St. Matthew's Cathedral

Cathedral of Saint Matthew the Apostle

On this lunchtime bike ride I went to The Cathedral of St. Matthew the Apostle, where I attended the noon service.  Established in 1840, and located downtown at 1725 Rhode Island Avenue in northwest D.C. (MAP), the cathedral is the seat of the Archbishop of the Roman Catholic Archdiocese of Washington.

The Cathedral is constructed of red brick with sandstone and terra cotta trim in the Romanesque Revival style with Byzantine elements. Designed by architect C. Grant La Farge, it is in the shape of a Latin cross and seats about 1,200 persons. The interior is richly decorated in marble and semiprecious stones, notably a 35-foot mosaic of Matthew behind the main altar by Edwin Blashfield.  The cathedral is capped by an octagonal dome and is capped by a cupola and crucifix.  As St. Matthew’s Cathedral and Rectory, it is listed on the National Register of Historic Places.

As a Federal employee, I think it is also noteworthy that because of Matthew’s duties as a public official, namely a tax collector, the Church has designated him as the patron saint of civil servants and all who serve government in some capacity.  Because of this connection to government employees, and the Cathedral’s location in the nation’s capital, many prominent government figures, including Senators and Congressmen, members of the Cabinet, Justices of the Supreme Court, and many other dignitaries including, at times, the President, attend the Mass there.  The requiem mass during the state funeral of assassinated President John F. Kennedy, thus far the only president who was a member of the Catholic Church, was also conducted at the Cathedral in 1963.  The iconic photograph of John-John Kennedy saluting his father was taken out front afterward.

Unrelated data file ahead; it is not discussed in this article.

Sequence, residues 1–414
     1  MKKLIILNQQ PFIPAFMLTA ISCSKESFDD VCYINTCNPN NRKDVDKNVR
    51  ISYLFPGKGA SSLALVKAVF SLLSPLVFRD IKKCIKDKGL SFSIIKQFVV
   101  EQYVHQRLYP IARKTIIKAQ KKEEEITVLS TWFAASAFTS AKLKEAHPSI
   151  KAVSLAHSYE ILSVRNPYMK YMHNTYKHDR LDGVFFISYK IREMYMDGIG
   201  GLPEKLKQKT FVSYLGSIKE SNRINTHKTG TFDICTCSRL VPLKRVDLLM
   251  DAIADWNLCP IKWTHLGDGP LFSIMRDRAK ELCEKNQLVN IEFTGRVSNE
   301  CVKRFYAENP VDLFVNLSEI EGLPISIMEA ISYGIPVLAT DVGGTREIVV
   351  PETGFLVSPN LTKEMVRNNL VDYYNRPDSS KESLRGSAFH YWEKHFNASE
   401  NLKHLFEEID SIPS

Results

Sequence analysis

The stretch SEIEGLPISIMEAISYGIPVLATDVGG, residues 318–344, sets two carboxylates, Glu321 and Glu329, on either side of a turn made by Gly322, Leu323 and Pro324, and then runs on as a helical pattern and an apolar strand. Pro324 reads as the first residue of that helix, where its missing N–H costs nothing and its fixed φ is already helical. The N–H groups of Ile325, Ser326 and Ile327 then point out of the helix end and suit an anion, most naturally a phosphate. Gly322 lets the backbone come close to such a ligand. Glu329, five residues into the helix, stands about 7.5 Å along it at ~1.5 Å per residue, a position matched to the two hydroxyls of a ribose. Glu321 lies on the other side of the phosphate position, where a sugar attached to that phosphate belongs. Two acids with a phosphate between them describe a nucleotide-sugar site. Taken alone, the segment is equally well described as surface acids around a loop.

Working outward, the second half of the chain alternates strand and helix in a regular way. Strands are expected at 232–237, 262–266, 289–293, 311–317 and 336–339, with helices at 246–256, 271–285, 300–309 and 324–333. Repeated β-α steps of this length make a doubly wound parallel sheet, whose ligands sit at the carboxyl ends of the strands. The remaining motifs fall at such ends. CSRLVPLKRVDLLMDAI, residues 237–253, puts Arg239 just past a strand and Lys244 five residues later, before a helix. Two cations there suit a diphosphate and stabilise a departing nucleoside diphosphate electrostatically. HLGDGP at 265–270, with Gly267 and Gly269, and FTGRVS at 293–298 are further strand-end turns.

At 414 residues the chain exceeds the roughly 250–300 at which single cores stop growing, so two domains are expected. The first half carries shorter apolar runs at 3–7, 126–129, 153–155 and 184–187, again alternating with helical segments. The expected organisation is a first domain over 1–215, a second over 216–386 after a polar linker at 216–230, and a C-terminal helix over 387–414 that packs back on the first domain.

St. Matthew’s Cathedral is also the location for one of the most famous Red Masses in the world. Each year on the day before the term of the Supreme Court of the United States begins, Mass is celebrated to request guidance from the Holy Spirit for the legal profession.

It was an uplifting and educational service.  However, I must confess that as I sat there and took in the ornate cathedral’s elaborately decorated interior and appreciated its beauty; I couldn’t help but think of the numerous homeless people on the sidewalk in front of the church’s steps who were asking for money from people as they entered.  Although it is commonplace in D.C., and while I did not see it as reflecting on the church or the parish, I felt a sense of uneasiness as I found myself unable to reconcile the opulent excess of the cathedral with the unmet basic needs of the individuals outside.

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